Not exactly a MLB Award but in 1954 Sports Illustrated began announcing there annual Sportsman of the Year awards. The editors at Sports Illustrated pick the selections, male and female, from every sport and judge them on their contributions to the game, their performance in their chosen sport and their off field activities.



Rookie of the Year Award (Jackie Robinson Award):


The Rookie of the Year Award was first introduced in 1947 and is given to the player who has the best rookie season pitching, hitting or fielding. In order to become eligible a rookie was formally defined in 1971 as follows; a player with less than 130 at-bats, a pitcher with less then 50 innings, or anyone with less than 45 days on a major league roster.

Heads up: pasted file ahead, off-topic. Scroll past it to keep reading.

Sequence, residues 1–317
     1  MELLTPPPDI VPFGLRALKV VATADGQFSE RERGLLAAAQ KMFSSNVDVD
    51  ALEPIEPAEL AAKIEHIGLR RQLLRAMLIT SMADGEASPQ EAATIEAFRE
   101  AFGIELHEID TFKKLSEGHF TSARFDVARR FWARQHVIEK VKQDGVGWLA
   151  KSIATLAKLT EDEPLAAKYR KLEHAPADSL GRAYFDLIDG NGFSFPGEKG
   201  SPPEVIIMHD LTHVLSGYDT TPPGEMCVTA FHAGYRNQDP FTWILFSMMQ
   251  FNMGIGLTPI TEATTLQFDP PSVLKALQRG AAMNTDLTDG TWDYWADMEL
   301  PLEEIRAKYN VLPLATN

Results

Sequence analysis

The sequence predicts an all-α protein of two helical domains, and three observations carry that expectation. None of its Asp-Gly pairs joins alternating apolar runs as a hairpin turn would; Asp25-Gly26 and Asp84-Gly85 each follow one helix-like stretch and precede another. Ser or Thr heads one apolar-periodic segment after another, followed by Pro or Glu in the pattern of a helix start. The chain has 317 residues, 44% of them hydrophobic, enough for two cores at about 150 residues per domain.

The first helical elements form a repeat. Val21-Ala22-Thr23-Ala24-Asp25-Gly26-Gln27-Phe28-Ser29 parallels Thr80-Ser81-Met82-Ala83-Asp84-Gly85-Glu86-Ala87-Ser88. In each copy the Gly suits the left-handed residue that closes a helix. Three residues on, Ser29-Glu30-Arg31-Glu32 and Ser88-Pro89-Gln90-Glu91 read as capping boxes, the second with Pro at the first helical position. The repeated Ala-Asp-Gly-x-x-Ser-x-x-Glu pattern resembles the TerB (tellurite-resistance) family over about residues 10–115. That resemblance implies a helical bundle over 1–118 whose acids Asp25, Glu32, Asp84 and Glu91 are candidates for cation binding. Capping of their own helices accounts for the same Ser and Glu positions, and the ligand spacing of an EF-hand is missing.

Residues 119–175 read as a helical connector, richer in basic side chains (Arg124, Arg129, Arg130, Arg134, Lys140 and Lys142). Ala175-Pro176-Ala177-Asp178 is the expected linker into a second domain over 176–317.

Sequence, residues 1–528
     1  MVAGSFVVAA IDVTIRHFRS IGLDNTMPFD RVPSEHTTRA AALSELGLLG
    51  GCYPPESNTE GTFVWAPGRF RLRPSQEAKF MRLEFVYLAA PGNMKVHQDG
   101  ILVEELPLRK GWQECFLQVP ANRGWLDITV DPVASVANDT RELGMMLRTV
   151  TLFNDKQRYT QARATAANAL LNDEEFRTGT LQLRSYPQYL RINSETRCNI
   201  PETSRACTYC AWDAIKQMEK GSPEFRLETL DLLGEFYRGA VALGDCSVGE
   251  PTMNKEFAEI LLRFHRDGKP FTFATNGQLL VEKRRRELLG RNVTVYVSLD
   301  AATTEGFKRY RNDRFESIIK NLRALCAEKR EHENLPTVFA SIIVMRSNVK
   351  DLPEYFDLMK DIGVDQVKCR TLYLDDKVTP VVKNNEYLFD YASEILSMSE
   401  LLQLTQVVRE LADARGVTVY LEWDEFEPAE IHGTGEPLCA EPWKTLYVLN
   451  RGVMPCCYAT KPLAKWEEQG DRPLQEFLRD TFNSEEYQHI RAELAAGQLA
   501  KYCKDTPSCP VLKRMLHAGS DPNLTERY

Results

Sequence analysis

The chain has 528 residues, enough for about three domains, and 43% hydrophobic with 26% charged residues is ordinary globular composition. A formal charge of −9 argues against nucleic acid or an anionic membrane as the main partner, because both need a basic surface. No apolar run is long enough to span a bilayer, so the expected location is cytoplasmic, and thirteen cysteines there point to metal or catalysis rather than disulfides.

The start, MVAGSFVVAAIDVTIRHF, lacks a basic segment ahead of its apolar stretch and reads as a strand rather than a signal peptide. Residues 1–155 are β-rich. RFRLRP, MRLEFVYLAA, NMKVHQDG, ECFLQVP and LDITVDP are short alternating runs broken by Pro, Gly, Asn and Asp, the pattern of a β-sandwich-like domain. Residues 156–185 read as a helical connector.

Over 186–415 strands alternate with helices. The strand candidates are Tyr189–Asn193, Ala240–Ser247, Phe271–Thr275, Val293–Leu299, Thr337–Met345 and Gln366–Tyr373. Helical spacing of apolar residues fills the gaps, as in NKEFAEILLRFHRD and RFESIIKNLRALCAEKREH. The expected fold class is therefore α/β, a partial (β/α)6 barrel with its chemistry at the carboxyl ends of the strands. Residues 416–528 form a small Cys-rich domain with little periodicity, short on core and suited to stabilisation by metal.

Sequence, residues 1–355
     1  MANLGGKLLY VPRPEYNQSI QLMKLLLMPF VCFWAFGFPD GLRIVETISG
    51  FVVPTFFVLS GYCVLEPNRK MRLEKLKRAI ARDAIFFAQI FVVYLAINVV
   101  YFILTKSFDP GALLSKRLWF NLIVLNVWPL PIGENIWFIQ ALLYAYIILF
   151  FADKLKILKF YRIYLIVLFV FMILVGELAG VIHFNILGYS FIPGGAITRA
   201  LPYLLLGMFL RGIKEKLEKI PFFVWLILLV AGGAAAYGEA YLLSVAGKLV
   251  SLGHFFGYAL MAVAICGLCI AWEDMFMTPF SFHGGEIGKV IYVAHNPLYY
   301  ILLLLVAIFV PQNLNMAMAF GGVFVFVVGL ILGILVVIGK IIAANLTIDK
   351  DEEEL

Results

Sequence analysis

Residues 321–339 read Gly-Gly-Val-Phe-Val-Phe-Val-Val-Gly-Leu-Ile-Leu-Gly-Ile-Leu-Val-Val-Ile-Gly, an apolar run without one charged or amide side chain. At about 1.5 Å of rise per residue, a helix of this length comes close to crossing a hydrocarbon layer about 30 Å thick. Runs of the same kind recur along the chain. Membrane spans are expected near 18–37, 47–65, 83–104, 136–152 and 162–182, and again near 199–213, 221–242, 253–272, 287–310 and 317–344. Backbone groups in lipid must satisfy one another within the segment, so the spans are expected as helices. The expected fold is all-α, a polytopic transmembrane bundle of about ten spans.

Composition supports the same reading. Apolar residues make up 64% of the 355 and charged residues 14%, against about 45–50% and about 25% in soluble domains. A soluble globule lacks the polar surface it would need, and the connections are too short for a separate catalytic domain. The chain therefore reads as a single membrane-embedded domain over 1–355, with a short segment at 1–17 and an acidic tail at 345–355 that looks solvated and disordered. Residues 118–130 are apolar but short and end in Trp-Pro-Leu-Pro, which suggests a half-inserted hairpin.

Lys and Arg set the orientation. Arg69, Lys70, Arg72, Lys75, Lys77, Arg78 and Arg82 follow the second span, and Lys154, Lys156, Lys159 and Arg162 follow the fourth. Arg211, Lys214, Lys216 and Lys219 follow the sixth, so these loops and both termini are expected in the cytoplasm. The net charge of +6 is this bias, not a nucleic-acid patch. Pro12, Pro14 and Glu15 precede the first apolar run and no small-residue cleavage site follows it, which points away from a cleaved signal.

In 1947 and 1948 only one award was given out. From 1949 on two awards, one for each league, are given out respectively. Starting in 1980 the Baseball Writers Association of America began naming three players on a ballot. Points are awarded for 1st, 2nd, and 3rd place votes. Most points wins.


Rolaids Relief Man of the Year Award:


The Relief Man of the Year is an award given to to top relief pitchers in both the American and National League.

The winner is decided based on stats instead of votes. A save is worth 3 points; a win is worth 2 points; and a loss is worth -2 points. Starting in 1987, -2 points were given out for blown saves and in 2008 a point is given out for a "tough save". A "tough save" happens when a relief pitcher enters the game already having a tying run on base, and gets the save.



Roberto Clemente Man of the Year Award: